The Gerontological Society of America (GSA) — the nation’s largest interdisciplinary organization devoted to the field of aging — commends the federal government’s recent release of the “2010 Dietary Guidelines for Americans” and particularly applauds its inclusion of specific advice for older adults.
Because more than one-third of children and more than two-thirds of adults in the U.S. are overweight or obese, the 7th edition of “Dietary Guidelines for Americans,” issued by the Department of Agriculture and the Department of Health and Human Services, places stronger emphasis on reducing calorie consumption and increasing physical activity.
“Good nutrition is an integral component of successful aging,” said GSA President Donald Ingram, PhD. “The benefits of a healthy diet and regular physical activity may include a more robust immune system, higher energy levels, faster recuperation times, sharper mental acuity, and better management of chronic health problems.”
In Boston this November, GSA’s Annual Scientific Meeting — under the theme of “Lifestyle → Lifespan” — will explore nutrition and aging in greater detail. Numerous sessions are scheduled to focus on the healthy gut, anorexia, obesity, antioxidant supplements, calorie restriction, brain foods, women’s nutrition, and nutrition among long-lived populations.
Moreover, numerous studies reported in GSA’s peer-reviewed scientific journals have tied obesity to poor health outcomes for America’s seniors. A January 2010 special issue of the Journals of Gerontology Series A: Biological and Medical Sciences described many of the negative consequences, even showing that the adverse affects of being overweight are not limited to physical function but also extend to neurological function.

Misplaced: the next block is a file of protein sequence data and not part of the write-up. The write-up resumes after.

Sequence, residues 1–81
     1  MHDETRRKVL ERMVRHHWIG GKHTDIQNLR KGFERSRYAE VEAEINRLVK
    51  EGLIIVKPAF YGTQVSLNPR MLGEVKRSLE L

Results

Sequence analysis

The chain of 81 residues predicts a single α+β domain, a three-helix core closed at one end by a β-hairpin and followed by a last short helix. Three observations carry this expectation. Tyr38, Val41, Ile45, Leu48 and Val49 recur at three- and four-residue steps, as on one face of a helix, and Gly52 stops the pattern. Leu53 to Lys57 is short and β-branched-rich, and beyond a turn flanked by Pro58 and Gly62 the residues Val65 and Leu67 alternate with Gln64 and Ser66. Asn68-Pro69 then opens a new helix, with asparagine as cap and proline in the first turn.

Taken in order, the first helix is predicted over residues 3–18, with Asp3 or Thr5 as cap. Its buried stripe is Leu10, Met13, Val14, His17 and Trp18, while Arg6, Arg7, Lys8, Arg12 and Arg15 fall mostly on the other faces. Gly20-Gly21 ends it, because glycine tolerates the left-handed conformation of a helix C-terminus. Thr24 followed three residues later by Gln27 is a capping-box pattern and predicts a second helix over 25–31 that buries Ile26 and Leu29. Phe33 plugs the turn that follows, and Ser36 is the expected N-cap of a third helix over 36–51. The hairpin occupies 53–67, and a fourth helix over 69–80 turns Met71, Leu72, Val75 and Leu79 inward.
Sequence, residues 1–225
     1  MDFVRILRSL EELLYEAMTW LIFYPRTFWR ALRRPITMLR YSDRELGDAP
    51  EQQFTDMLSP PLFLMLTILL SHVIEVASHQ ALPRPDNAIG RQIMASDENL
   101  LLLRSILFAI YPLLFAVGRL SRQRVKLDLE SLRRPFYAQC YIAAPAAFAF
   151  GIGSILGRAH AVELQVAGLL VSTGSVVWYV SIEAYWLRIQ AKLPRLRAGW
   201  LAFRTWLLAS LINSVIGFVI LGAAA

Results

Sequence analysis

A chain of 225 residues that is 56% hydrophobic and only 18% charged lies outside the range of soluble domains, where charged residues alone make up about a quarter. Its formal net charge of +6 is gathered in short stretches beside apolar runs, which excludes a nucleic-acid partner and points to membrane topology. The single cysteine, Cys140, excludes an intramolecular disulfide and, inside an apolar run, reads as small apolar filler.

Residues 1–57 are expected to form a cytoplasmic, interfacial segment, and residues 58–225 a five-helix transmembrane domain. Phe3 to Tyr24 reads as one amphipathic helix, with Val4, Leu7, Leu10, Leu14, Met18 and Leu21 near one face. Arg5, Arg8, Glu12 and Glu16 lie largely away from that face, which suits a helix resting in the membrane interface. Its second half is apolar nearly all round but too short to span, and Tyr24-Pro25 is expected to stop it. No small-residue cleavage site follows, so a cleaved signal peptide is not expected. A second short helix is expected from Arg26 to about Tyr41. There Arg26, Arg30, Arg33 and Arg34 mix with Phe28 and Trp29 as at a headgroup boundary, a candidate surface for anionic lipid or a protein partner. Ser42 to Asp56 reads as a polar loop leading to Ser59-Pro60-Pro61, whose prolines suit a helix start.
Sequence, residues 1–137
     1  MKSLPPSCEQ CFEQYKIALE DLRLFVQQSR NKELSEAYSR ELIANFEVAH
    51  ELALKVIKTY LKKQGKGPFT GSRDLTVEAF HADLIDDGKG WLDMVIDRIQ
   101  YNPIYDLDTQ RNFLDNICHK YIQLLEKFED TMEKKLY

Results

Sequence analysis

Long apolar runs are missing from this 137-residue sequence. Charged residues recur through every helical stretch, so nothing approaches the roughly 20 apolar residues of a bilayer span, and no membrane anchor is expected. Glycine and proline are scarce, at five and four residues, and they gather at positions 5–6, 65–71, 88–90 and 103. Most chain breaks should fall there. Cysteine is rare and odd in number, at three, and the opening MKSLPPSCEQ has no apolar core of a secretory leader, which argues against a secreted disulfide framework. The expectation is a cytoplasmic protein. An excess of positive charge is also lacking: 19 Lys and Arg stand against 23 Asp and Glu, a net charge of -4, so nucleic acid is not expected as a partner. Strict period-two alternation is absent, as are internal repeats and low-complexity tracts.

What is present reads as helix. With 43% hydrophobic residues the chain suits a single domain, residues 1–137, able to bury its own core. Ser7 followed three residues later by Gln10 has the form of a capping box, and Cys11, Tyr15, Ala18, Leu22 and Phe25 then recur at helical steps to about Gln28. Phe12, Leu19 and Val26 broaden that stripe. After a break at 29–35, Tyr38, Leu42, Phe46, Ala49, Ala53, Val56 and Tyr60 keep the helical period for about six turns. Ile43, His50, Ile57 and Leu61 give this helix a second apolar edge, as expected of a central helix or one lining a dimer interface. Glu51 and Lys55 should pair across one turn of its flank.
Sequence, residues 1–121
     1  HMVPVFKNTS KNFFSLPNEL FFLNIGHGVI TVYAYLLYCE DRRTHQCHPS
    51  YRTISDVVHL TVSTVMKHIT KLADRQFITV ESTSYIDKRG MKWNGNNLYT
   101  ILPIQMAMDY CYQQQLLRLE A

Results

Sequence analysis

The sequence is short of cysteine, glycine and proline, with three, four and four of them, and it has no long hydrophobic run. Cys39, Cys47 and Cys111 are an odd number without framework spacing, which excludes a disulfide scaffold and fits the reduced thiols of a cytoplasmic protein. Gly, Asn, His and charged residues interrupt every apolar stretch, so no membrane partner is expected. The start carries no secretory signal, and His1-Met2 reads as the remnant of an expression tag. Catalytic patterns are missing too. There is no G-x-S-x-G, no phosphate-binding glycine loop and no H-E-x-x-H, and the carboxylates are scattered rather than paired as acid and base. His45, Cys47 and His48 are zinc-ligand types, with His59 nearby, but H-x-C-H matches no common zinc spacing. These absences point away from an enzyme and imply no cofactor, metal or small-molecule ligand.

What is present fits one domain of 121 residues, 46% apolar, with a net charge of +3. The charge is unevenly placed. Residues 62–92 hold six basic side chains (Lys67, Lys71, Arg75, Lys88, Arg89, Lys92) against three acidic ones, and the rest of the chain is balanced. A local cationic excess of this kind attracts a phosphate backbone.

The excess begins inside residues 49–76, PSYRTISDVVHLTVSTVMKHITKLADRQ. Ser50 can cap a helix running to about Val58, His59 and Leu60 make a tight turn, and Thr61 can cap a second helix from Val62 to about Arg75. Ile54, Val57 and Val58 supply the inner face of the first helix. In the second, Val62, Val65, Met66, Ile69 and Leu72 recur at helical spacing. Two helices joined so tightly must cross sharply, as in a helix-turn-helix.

“Dietary Guidelines for Americans” makes several age-based recommendations. Individuals aged 50 years and older are encouraged to consume food fortified with vitamin B12, such as fortified cereals or dietary supplements. Additionally, people aged 51 and older are advised to reduce their sodium intake to 1,500 milligrams per day.
For women aged 51 and over, the government recommends a daily intake of between 1,600 and 2,200 calories depending on physical activity level, and for men aged 51 and over, a daily intake of between 2,000 and 2,800 calories depending on physical activity level.
Adults aged 65 years and older who are overweight are encouraged not to gain additional weight. Among older adults who are obese, particularly those with cardiovascular disease risk factors, intentional weight loss can be beneficial and result in improved quality of life and reduced risk of chronic diseases and associated disabilities, according to the new report.
In regard to physical activity, the government states that older adults should follow the standard adult guidelines, noting that seniors should be as physically active as their abilities and conditions will allow. Similarly, they are also advised to do exercises that maintain or improve balance if they are at risk of falling. Those with chronic conditions should understand if and how their conditions affect their ability to do regular physical activity safely.
The Gerontological Society of America (GSA) is the nation’s oldest and largest interdisciplinary organization devoted to research, education, and practice in the field of aging. The principal mission of the Society — and its 5,200+ members — is to advance the study of aging and disseminate information among scientists, decision makers, and the general public. GSA’s structure also includes a policy institute, the National Academy on an Aging Society, and an educational branch, the Association for Gerontology in Higher Education.